Will you find Him no matter the cost?

Is He your answer to adversity?

The answer to our dependence is revealed in our actions. What we do (or don’t do) in those moments shows proof of so much more. Jairus might have been a religious leader with a lot of responsibility, but in the end, he was just a broken father at the feet of his Savior. He came broken before Jesus, desperate to know Him and His message of hope, desperate to experience Him and His healing power.

In the time it took Jairus to get to Jesus and Jesus to get to Jairus’ house, his sweet daughter died. Time is a real thing, and it is essential for us to be close to our answer. Thankfully, we serve an omnipresent God, who isn’t worried about time because Jesus walked right into the house, past the mourners and told Jairus’ daughter to “wake up,” (Luke 8:54, emphasis added.) Jairus’ daughter sat up with a new spirit and another shot at life and Jairus rejoiced.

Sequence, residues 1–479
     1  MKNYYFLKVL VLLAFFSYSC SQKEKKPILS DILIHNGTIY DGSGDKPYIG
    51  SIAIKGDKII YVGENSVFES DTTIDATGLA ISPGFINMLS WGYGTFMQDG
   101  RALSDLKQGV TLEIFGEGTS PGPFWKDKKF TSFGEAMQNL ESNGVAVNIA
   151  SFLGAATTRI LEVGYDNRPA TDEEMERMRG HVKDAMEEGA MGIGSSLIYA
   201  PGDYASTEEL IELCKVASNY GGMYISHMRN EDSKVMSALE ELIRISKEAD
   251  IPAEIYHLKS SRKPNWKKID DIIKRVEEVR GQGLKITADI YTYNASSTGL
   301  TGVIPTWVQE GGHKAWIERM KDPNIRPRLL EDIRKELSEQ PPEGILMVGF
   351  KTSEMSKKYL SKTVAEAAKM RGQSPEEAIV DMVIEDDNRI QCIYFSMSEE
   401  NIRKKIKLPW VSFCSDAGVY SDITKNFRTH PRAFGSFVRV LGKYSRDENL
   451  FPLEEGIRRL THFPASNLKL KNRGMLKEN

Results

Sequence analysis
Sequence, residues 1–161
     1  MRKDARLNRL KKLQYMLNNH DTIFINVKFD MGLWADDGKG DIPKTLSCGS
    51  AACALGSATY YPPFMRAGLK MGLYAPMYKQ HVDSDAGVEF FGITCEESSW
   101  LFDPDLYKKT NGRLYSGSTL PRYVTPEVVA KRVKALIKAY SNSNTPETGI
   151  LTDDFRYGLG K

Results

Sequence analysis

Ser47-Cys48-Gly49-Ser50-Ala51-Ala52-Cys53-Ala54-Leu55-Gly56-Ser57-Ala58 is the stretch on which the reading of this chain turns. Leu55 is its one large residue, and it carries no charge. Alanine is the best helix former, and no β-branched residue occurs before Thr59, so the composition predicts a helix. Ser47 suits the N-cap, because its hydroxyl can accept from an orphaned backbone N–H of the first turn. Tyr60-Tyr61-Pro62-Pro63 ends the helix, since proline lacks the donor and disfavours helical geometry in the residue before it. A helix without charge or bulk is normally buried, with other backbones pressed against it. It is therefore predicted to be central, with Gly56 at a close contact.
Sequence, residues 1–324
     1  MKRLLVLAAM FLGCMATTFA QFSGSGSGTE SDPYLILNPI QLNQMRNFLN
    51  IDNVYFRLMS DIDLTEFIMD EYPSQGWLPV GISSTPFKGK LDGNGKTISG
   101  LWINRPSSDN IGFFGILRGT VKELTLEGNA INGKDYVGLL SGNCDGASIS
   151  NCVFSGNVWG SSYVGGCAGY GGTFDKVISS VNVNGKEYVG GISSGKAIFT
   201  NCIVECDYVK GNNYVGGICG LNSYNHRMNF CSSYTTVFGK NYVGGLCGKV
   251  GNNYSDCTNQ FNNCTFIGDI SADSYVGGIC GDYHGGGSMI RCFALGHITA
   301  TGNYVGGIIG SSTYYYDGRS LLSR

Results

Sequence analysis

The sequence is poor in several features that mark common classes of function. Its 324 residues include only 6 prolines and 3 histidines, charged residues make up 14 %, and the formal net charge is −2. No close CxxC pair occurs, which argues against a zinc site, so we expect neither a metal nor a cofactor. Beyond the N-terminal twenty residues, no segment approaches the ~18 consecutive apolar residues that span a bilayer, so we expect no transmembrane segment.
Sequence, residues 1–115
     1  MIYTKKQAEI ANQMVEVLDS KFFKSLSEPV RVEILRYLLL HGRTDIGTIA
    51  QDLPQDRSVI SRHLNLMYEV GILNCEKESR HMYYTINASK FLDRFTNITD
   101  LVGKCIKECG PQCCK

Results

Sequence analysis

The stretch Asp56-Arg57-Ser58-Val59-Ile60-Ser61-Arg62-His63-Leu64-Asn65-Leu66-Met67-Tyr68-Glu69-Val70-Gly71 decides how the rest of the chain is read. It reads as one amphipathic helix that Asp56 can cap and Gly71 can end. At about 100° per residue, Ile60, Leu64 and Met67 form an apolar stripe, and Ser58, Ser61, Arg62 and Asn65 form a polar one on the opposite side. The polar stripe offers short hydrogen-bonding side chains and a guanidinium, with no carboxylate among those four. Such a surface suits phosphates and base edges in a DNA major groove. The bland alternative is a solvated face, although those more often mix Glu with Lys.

Jesus makes good use of our time lost as we run to Him, but we need make good use of our time by simply already being near Him.

I learn this lesson from Jairus: don’t wait until adversity hits to find the feet of Jesus. Get there now. Get Jesus right beside you and then when you are at the end of your rope, you won’t have to run very far to be at the beginning of Him. What are you doing to get to and keep yourself at His feet?

Mrs. Kristan Dooley

Mrs. Kristan Dooley

"For everyone who asks receives; the one who seeks finds; and to the one who knocks, the door will be opened" (Luke 11:10).